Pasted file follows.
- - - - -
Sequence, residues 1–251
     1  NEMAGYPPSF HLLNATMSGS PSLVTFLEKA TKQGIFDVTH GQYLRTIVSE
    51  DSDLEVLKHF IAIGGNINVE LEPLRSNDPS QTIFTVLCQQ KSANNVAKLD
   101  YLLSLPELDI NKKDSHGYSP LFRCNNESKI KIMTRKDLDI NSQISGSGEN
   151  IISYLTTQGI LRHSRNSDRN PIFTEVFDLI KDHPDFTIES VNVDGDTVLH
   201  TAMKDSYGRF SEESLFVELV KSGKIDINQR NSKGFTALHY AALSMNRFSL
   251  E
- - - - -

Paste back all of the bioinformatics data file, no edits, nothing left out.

Sequence, residues 1–251
     1  NEMAGYPPSF HLLNATMSGS PSLVTFLEKA TKQGIFDVTH GQYLRTIVSE
    51  DSDLEVLKHF IAIGGNINVE LEPLRSNDPS QTIFTVLCQQ KSANNVAKLD
   101  YLLSLPELDI NKKDSHGYSP LFRCNNESKI KIMTRKDLDI NSQISGSGEN
   151  IISYLTTQGI LRHSRNSDRN PIFTEVFDLI KDHPDFTIES VNVDGDTVLH
   201  TAMKDSYGRF SEESLFVELV KSGKIDINQR NSKGFTALHY AALSMNRFSL
   251  E